USM School of Criminal Justice, Forensic Science and Security Slated for New Home on Hattiesburg Campus
Tue, 09/12/2023 - 09:18am | By: Van Arnold
Faculty, staff and students in the School of Criminal Justice, Forensic Science and Security at The University of Southern Mississippi (USM) can point to a bright future that includes a spacious new home on the Hattiesburg campus.
Located in the tight quarters of Arthell Kelley Hall since the mid-1970s, the school is slated for a move into the Human Performance and Recreation Building, which formerly housed the School of Kinesiology and Nutrition. Renovation and construction are already underway on the $16.6 million project that has an anticipated completion date of June 2025.
“The faculty and staff of the School of Criminal Justice, Forensic Science and Security are so excited that renovations have begun,” said School Director Dr. Brenda Rowe. “Moving into our new building will provide much needed additional faculty and staff office space, dedicated conference rooms, additional classroom space, and increased lab space for our Forensic Science labs.”
Plans also call for construction of a 5,000-square-foot annex to the current building for use as an academic courtroom. More than 500 students are currently enrolled in the Criminal Justice, Forensic Science and Security programs.
“The courtroom addition will be a great benefit to our school, as it will facilitate the incorporation of expert witness testimony and mock trial simulations into classes to help prepare our students for their future roles in the criminal justice system,” said Rowe. “The courtyard will also provide space for students to gather when collaborating with classmates or having lunch with friends. The School of Criminal Justice, Forensic Science and Security greatly appreciates the investment the University is making in our school’s future.”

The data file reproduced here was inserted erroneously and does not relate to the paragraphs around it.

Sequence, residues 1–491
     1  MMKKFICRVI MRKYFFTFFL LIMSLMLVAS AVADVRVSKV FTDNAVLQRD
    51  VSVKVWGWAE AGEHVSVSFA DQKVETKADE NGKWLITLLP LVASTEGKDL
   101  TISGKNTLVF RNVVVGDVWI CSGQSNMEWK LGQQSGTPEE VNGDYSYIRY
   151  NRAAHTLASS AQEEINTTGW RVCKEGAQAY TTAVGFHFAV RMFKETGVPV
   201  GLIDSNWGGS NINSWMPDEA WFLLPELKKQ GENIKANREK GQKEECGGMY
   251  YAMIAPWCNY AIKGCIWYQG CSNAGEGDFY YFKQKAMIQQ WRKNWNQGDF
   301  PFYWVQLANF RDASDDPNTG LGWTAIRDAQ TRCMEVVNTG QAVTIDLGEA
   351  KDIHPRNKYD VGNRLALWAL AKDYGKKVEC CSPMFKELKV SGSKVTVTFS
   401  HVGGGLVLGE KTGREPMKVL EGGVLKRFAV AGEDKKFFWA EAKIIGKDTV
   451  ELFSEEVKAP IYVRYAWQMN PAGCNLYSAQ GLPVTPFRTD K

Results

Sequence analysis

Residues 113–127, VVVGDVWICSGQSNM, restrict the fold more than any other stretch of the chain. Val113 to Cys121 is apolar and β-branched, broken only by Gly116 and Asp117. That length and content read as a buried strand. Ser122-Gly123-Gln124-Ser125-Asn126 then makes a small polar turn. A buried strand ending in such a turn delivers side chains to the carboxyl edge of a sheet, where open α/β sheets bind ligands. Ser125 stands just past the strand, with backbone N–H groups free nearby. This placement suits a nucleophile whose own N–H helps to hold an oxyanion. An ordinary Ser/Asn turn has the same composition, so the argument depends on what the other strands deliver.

Brian Hauff, Associate Vice President for Facilities Planning and Management at USM, explains that the majority of the project’s funding is provided through legislative appropriations. Approximately $570,000 of the total budget stems from university funds.
Originally constructed in 1949 as a women's gymnasium, the facility was last renovated in 1988, after which it became known as the Human Performance and Recreation Building.
“Renovation of this facility will significantly enhance the teaching and learning spaces of the School of Criminal Justice, Forensic Science and Security,” said Hauff. “Our team is dedicated to ensuring that this project proceeds efficiently, with minimal disruption to the daily operations of the Hattiesburg campus.”
Hauff points out that plans for Arthell Kelley Hall have yet to be determined.
Dr. Edward Sayre, Executive Associate Dean in the College of Arts and Sciences at USM, notes that the expanded space will provide opportunities to shine a spotlight on programs offered by the school.
“We are all very excited about this new space becoming a real showcase for the extraordinary programs in the School of Criminal Justice, Forensic Science and Security,” said Sayre. “It will help highlight the excellent work of our students, staff, and faculty. The school has long needed an upgraded space as their program directly interact with and affect the local community by training our future law enforcement professionals in a variety of disciplines.”
Learn more about the School of Criminal Justice, Forensic Science and Security by calling 601.266.4509.